But, once trust is broken, it is not easily rebuilt.

Why we matter.

Not only have we poured our time, energy, and hearts into our churches, but many of us are the founding members who followed our priests and bishops away from the Episcopal Church because we trusted our spiritual leaders. Some of our Episcopal Churches hosted African missionaries who helped pave the way for a new Anglican province to be established in the United States. To our leaders- we have put our trust in you and in the ACNA.

We have the real life experiences which enable us to know when a duck is a duck. We remember the language used in the past that sowed seeds of division and created distrust. As such, we believe that any "in your face" undermining of the guidance issued by the College of Bishops is never benign, but can have long-term consequences.

And once trust is broken, it is not easily rebuilt.

What we hear. What we see.

When we see the words "gay Christian" replaced by "gay Anglican" -- an Anglican is a Christian -- we see an act of rebellion against the pastoral guidance of our College of Bishops who have been given the authority of the apostles through apostolic succession.

Such acts of rebellion cause us to re-live the trauma of the past, and cause us to re-grieve the loss of the Episcopal Church, our fellowship communities, and our friendships. This pain has only been compounded by some of the online discussions resulting from the letter, with opponents sometimes being unjustly characterized as "homophobic." That is not who we are. It was not true in TEC and it is not true now.

When we see the words "gay Anglican," we see an attempt to re-enslave those who have been liberated by Jesus Christ from their dead self, which has already been buried with Christ. Rather than promote the reality of our newly created selves, it appears to be an effort to cling to our corpses.

We recognize that our churches are filled with broken people. We refute any suggestion that marriage or friendship or any other relationship established in this world will remove the loneliness within us. But our God knows our pain, and our hope is in Christ, with whom we will be reunited and receive crowns of glory.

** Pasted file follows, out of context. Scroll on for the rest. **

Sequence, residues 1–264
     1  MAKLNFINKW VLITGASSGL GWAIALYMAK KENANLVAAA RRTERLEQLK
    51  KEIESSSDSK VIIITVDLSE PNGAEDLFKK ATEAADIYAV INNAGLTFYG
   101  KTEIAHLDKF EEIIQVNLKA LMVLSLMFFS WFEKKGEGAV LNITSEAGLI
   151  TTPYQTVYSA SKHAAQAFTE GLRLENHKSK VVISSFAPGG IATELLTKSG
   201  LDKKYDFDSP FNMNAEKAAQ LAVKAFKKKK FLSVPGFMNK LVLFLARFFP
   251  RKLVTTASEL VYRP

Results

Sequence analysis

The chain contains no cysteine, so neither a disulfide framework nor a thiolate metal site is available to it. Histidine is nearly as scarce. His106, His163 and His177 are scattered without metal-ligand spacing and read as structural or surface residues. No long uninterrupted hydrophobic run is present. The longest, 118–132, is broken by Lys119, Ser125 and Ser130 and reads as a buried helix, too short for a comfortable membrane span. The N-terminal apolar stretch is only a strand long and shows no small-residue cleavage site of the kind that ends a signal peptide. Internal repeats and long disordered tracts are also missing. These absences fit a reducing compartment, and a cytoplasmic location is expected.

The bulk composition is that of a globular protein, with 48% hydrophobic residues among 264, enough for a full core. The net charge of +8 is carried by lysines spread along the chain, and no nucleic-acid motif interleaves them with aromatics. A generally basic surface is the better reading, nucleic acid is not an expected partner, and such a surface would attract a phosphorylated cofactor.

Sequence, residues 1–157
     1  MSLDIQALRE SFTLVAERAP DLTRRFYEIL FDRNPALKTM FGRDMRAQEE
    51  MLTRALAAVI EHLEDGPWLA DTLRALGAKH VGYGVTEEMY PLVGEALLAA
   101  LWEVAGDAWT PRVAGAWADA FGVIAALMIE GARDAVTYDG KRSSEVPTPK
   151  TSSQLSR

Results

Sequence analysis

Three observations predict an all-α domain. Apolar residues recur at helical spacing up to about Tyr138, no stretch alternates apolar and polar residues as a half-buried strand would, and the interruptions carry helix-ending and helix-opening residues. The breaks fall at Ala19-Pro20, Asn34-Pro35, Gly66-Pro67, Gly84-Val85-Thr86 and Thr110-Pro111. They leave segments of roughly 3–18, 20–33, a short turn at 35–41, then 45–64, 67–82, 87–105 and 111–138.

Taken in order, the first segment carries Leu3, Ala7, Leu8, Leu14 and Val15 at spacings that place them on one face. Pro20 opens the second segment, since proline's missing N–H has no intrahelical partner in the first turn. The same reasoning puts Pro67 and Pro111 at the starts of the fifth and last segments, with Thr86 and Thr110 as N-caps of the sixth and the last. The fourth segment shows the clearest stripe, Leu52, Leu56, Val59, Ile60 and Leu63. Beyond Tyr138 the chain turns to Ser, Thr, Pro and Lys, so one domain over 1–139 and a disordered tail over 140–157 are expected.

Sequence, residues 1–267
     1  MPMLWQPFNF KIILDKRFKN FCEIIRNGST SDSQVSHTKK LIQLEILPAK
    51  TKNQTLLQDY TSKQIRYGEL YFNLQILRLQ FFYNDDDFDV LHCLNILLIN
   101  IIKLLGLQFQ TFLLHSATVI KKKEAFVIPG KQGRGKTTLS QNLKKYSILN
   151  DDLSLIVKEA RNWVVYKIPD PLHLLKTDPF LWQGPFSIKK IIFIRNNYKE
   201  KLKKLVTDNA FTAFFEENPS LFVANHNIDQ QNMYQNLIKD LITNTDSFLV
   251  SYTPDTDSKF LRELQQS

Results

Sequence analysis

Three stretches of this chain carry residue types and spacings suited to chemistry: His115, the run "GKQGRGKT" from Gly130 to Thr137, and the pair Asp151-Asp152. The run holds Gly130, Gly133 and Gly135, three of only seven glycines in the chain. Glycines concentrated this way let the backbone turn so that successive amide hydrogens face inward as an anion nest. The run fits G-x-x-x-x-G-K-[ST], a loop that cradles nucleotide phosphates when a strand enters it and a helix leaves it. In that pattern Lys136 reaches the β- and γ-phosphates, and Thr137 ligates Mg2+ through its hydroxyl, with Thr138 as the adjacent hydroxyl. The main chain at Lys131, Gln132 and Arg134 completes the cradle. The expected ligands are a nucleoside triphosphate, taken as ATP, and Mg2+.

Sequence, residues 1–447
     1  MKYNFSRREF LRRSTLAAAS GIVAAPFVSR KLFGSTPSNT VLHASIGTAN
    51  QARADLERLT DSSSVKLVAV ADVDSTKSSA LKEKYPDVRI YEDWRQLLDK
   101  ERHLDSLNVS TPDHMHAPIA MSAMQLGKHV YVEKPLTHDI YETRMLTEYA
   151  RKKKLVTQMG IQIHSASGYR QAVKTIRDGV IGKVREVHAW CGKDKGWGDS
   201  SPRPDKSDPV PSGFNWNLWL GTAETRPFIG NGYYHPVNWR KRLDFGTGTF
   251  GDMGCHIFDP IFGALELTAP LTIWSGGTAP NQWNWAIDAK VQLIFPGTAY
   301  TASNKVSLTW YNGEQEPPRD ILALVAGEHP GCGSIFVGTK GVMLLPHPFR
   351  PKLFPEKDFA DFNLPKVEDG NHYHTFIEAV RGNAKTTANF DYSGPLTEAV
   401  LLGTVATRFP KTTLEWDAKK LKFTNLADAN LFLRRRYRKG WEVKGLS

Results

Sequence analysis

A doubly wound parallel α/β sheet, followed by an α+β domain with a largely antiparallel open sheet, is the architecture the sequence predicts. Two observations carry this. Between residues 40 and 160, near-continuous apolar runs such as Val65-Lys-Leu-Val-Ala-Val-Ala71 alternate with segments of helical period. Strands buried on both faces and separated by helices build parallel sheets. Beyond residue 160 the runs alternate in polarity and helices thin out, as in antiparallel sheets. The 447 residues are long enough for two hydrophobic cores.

When we witness opposition to the Dear Gay Anglicans letter reframed as, "This idea that arguing for a pastoral presence with gay people in the church is the exact same thing as marrying them is absurd," we experience Dejà vu. We already lived through this type of dishonest, reframing of dissent, and the twisting of statements, in TEC.

When we are assured by the proponents of the Dear Gay Anglicans letter that we have nothing to worry about, we experience Dejà vu. How many times did we hear that in the TEC? Too numerous to count. We do not place blind faith in any mortal, but in our Living God -- in Him alone.

When we see that the author of the Dear Gay Anglicans letter is publicly (on Facebook) categorizing "bishops and priests" as "DEFINITELY unsafe," appearingly on the basis of support or disapproval of the language used in the letter, we see (1) ourselves, yet again, being falsely labeled, (2) the apostolic authority of the College of Bishops being unrecognized, and (3) a province in tumult. Will the ACNA also become labeled as TEC and cease to attract orthodox Christians? We pray not.

With the realization that the divisive rhetoric prevalent in TEC has now entered the ACNA, we are left with the effects of re-traumatization. Already struggling with trust issues from our spiritual experiences, we wonder, will we -- orthodox Christians -- become unwelcome in the ACNA, too? The truth is that we have already had one province forsake us. Will the ACNA forsake orthodox Anglicans too? We admit to these concerns and commit ourselves to prayer for our beloved province.

Once trust is broken, it is not easily rebuilt.

END